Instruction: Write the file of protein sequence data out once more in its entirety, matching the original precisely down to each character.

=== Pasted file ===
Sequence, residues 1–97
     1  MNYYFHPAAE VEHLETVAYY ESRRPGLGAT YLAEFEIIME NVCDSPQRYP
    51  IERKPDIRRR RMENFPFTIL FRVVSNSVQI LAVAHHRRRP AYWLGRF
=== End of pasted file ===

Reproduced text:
Sequence, residues 1–97
     1  MNYYFHPAAE VEHLETVAYY ESRRPGLGAT YLAEFEIIME NVCDSPQRYP
    51  IERKPDIRRR RMENFPFTIL FRVVSNSVQI LAVAHHRRRP AYWLGRF